Shares have hit a 52-week low of 48.375.
One reason AT&T is peaking is Ma Bell's penchant for spinning off its business units into separate companies, as it did with Lucent Technologies, according to Sheldon Grodsky of Grodsky Associates, a securities brokerage firm. Although AT&T is facing competition from new-age telcos and high-speed data providers, the company is making strides to offset the encroachment by acquiring new revenue sources.
"The company's bread and butter, long distance service, is under extreme competitive pressure," said Grodsky. "Their other businesses, such as cellular, are growing but they've been getting some benefit of the doubt from Wall Street."
"To me the stock seems to be fairly fully priced," he concluded.
The IBM deal has been viewed by many analysts as a way to keep AT&T in the global data game. Meanwhile, the company's proposed acquisition of Tele-Communications Incorporated will give AT&T a much-coveted end run around the Baby Bells for "last mile" access to home and business customers.
That deal is expected to close in mid-1999 pending regulatory approval.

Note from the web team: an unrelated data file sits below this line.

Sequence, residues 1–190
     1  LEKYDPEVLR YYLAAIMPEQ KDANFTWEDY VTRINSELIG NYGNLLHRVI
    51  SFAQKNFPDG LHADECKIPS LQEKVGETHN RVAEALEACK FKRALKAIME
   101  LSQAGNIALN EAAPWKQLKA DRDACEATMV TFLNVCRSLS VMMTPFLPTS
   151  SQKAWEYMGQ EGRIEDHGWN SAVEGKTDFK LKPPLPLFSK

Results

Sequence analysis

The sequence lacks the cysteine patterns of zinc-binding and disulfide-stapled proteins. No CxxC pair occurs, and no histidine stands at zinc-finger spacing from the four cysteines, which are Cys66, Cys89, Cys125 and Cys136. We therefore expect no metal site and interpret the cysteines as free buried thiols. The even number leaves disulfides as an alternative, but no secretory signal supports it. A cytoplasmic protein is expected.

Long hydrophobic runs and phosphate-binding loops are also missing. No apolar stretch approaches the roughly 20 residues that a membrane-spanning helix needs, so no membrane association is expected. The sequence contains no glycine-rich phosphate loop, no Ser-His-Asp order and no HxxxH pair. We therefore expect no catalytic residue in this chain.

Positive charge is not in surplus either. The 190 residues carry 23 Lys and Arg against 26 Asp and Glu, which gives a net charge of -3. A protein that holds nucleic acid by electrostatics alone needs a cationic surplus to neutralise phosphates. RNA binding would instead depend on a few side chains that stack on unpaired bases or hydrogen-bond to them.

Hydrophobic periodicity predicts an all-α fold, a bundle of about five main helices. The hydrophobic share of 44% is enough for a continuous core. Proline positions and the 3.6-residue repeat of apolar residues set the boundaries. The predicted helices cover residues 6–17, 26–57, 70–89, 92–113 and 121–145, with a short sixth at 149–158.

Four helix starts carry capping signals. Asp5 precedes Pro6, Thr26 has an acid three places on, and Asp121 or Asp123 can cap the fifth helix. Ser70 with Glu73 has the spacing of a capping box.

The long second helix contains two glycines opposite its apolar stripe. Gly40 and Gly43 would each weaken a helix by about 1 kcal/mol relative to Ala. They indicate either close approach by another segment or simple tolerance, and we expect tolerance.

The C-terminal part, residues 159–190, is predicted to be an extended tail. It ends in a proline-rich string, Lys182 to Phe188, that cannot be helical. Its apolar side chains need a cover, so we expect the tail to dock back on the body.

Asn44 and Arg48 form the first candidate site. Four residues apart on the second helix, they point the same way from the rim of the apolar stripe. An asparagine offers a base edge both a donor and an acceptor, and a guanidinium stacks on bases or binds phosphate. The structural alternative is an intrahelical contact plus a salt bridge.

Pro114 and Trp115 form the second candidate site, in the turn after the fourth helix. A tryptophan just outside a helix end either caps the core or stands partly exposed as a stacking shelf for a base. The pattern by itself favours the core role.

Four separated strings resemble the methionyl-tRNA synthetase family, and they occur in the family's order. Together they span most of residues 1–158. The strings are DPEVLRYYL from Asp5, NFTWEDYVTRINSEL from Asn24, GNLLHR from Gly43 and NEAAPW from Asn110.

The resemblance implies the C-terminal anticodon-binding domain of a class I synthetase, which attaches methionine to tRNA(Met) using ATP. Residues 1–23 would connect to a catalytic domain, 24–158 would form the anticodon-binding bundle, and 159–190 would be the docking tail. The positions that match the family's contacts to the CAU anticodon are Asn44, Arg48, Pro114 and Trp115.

AT&T got another shot in the arm today when some analysts speculated federal regulators would not require TCI to "unbundle" its broadband pipes.
Internet service providers, led by America Online, want unrestricted open access to TCI's cables to offer their own data services to users. But many analysts doubt the Federal Communications Commission will make that a requirement of the merger.
Meanwhile, Wall Street has been filled with speculation that AT&T is in discussions with Time Warner cable over some form of partnership under which AT&T could market local phone service to consumers in the giant cable operator's regions.
An AT&T spokesman declined to comment on any possible negotiations.